How To Take the Perfect Selfie Using Your iPhone

fashion, how to, mom life, photography, selfie, Technology, tips and tricks

Taking the perfect selfie has become more of a necessity than a passing fad. Profile photos are needed for everything from websites to social media, even many employers are asking for headshots to add to company webpages, business cards, and brochures.

Not everyone has the time or money to hire a professional photographer but thanks to the improved front facing camera and portrait mode, it’s possible to take a professional looking headshot from the comfort of your own home. Here are some tips and tricks to getting publisher quality images.

Choosing your settings

• Portrait mode allows for focus on the face with less background interference.

• Open the camera app on your iPhone and swipe to portrait. Toggle between natural and studio light settings to determine which lighting option creates the least amount of shadow without washing out your features. You can always change your mind later as these settings can be altered even after the photo has been taken.

• Try to avoid using the flash. Opt for well light rooms or outside. If extra light is necessary consider getting a ring light or illuminated phone case.

Positioning Your Phone

• The best position for your phone is slightly elevated above eye level. Aim the front facing camera at your forehead then gently raise your chin so that you’re making eye contact with the lens.

• Since people tend to look their best at a slight angle as opposed to head on try moving your face slightly from one side to the other maintaining eye contact with the lens. You may want to take a few test shots.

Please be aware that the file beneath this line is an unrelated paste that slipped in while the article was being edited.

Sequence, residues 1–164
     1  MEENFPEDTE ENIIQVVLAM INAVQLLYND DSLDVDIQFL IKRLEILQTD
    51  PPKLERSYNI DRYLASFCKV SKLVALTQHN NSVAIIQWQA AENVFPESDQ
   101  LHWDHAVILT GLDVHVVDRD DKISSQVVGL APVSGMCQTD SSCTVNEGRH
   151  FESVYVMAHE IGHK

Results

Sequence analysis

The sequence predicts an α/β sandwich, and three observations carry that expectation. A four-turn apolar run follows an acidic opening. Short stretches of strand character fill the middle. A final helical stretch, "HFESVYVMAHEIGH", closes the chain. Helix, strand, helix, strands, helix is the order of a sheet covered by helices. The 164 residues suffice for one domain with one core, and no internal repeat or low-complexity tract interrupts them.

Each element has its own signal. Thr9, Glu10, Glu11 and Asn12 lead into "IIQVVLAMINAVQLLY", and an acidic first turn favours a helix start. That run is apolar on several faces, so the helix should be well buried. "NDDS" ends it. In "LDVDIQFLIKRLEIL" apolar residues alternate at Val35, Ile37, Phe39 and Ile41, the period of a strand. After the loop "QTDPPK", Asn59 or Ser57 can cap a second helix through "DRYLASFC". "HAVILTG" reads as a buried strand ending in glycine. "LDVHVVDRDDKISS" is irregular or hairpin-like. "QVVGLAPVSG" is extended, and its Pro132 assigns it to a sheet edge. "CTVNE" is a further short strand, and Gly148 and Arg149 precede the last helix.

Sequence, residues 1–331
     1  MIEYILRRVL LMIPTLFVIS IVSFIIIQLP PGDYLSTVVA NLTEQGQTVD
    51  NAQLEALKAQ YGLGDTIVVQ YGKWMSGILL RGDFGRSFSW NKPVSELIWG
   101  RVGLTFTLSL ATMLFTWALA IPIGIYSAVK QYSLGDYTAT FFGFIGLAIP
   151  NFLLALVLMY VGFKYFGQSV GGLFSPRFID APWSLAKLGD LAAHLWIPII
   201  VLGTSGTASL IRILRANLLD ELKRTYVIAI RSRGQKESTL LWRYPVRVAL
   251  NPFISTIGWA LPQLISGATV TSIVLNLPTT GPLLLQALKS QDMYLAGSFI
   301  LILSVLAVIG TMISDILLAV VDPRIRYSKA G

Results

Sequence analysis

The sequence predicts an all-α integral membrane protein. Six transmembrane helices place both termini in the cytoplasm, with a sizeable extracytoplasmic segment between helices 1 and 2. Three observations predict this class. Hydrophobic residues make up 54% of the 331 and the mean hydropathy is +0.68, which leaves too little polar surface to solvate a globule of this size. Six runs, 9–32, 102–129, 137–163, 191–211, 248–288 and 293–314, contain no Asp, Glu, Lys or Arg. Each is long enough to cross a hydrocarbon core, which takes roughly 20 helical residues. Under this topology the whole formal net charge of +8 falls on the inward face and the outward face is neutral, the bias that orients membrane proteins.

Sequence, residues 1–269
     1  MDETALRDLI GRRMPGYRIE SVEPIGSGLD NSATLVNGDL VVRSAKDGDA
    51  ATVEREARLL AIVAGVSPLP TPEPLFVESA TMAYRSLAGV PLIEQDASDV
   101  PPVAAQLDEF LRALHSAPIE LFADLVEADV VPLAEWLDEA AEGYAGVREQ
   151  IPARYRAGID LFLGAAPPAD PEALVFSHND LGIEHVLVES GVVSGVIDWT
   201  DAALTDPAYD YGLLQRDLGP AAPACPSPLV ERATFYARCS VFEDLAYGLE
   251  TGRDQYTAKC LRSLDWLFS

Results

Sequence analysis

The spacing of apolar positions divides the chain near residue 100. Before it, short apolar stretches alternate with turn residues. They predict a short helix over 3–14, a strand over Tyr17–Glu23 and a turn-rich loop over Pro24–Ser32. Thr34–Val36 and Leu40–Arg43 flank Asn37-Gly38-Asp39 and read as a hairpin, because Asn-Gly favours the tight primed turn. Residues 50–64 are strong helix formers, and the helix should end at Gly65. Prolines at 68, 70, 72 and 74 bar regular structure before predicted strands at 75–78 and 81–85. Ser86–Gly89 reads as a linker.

• Since it shouldn’t be obvious you’ve taken your own headshot for publication consider propping your phone up on some books or a shelf and setting the timer found at the top of the screen. Helpful investments include a Bluetooth remote, iPhone tripod, or stand attachment such as a popsocket or iRing.

Focus On You

• Avoid patterns such as strips or polka dots.

• Crop out logos unless your photo is designed for a specific business you’re representing.

• Go for solid colors in rich earth tones such as navy blue, forest green, or burgundy. Stay away from black and white.

• Choose a minimalist background such as a textured wall or doorway.

Editing and Exporting

• Tap “Edit” found at the bottom of the screen directly after a photo has been taken or on the top left hand corner of your screen after the photo is sent to your photo album.

• Phones taken in portrait mode have a pre set depth of field of 4.5. This can be altered between 1.4 to 16 after the photo has been taken by running your finger back and forth across the bottom of the screen.

• The iPhone also offers several filters which can be accessed at the bottom of the screen.

If extra edits are required there are several photo apps such as FaceTune and Adobe Photoshop Express.

• Since many websites and print services have a minimal upload size, you may need to know the specifications of the photo you’ve just taken, something Apple doesn’t readily make available. But, by uploading your photos to a third party storage site, such as Dropbox (Free) you can find the pixel size of any phone by clicking the “i” on the bottom right hand corner of any uploaded image.